Live Review from Underground 113
The band was, to put it simply, full of surprises – but good ones, for that matter. To be honest, I was a bit hesitant when asked to review the band (“I really don’t listen to that much electronic music…” “You’ll be fine,” Chris B assured), but don’t let the name fool you – most of the electronic elements in the songs serve more as ornaments than form the main dish itself. The second surprise came in the form of jumpers. Correction: bright, patterned vintage jumpers that all the band members were rocking. With this attire, you’ve already won half the battle before you even got onto the stage.
The first song set the expectation for where the night was going, music-wise; 觸發點 was what a 80s Leslie Cheung song would sound like if it was rigged with rock influences and remixed with heavy beats and a drum track. The vocalist looked a bit sheepish at times, and seemed unsure as to where to put his hands – but he had a nice, deep voice that went well with the vibe of the songs. The second song, 非請勿坐, was a groovy one, with a catchy guitar motif and Jay Chou-esque vocals, but the third, 月光sofa was the one that really stood out, with a beautiful vocal interlude by the bassist Eunice that showcased the diversity of talent the band possesses. The rapping vocals, the backup singing, the keyboards, the bass and the beat all blended together nicely and ended on a high pitch finish. It was only till the fourth song, 卡式, that there were more overt electronic influences; the keyboardist, in fact, was a new addition to the band. The intro had synthpop overtones, and the melody of reminiscent of Alan Tam’s 這陷阱; this song would be great for either the soundtrack to a late night police chase in classic Hong Kong gangster films, or the theme to an Ultraman cartoon. 傻was the curious love-child between the electronic motif of a James Bond-like theme and jazz influences; it also featured backing vocals by yet another member of the band, the drummer, who had a sweet but strong voice that matched the vigor of her instrument. The last, 外星人之吻 (Kiss of an alien), was my favourite of the night; it was perhaps the song that most lived up to the expectations attached to its name ‘Electricious’, with layers of electronica, synthpop and space rock that had the out-of-the-world qualities of Muse.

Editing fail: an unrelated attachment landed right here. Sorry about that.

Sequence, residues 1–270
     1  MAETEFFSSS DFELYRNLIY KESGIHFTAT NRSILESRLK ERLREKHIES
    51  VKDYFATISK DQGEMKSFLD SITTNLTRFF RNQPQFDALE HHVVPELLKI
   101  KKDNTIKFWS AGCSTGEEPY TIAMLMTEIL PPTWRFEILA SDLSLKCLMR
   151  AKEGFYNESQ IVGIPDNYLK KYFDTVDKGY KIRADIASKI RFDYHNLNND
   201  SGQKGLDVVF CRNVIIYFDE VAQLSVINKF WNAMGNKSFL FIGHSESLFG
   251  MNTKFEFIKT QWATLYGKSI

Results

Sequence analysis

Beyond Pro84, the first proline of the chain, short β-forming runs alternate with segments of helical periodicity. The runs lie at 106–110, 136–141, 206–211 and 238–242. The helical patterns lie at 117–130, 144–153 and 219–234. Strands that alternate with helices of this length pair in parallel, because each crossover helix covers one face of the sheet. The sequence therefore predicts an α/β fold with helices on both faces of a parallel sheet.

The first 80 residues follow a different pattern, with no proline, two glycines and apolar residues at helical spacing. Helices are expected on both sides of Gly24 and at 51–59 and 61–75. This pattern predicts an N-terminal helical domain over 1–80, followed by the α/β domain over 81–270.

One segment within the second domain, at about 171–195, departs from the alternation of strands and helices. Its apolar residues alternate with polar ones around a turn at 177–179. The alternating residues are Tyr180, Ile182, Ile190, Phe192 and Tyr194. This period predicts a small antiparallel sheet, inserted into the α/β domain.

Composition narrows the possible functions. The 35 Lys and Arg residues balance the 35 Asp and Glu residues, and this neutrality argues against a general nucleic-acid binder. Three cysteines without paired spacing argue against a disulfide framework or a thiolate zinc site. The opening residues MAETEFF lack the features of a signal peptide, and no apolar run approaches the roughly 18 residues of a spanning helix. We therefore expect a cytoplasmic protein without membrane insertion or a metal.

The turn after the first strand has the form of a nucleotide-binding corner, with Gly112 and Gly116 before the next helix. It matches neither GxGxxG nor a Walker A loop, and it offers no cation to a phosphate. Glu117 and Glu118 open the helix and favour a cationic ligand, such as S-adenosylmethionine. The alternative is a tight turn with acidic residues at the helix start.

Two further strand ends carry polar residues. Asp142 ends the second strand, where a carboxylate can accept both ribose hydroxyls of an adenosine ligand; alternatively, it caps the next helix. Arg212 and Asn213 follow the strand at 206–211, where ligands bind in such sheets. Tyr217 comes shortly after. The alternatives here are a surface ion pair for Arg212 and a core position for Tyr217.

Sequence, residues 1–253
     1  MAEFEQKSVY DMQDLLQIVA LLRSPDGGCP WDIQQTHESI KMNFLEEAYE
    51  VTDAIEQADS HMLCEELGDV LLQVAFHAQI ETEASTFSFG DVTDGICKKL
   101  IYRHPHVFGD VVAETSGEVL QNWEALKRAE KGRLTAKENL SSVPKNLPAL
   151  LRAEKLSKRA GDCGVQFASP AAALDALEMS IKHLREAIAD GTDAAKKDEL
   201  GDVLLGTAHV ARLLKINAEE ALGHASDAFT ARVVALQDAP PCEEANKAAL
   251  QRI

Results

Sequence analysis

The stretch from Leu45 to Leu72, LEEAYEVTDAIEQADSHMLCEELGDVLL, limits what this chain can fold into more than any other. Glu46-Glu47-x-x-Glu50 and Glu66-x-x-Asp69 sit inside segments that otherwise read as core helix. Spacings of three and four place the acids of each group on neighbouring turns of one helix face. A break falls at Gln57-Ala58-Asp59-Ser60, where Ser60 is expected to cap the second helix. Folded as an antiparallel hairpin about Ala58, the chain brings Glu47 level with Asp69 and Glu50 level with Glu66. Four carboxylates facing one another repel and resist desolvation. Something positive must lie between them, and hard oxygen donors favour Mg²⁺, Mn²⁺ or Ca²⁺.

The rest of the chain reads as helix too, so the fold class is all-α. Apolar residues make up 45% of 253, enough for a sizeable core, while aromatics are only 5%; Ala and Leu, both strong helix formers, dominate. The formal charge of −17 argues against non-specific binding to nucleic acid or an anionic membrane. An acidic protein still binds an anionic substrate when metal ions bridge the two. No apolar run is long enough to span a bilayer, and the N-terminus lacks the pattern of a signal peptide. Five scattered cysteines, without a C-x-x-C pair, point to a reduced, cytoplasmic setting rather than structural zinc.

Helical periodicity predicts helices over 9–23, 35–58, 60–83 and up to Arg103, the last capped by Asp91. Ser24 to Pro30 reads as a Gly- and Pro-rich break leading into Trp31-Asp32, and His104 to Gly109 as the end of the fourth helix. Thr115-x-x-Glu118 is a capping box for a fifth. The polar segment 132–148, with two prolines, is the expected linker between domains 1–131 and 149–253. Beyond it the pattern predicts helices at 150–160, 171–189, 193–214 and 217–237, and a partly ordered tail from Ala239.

Overall, the band delivered a solid live performance that delivered a modern electronic twist to retro tunes with heavy Cantopop influences. At the end of the night, the band even offered free CDs to those who would like their Facebook page. You go Electricious!
— Karen Cheung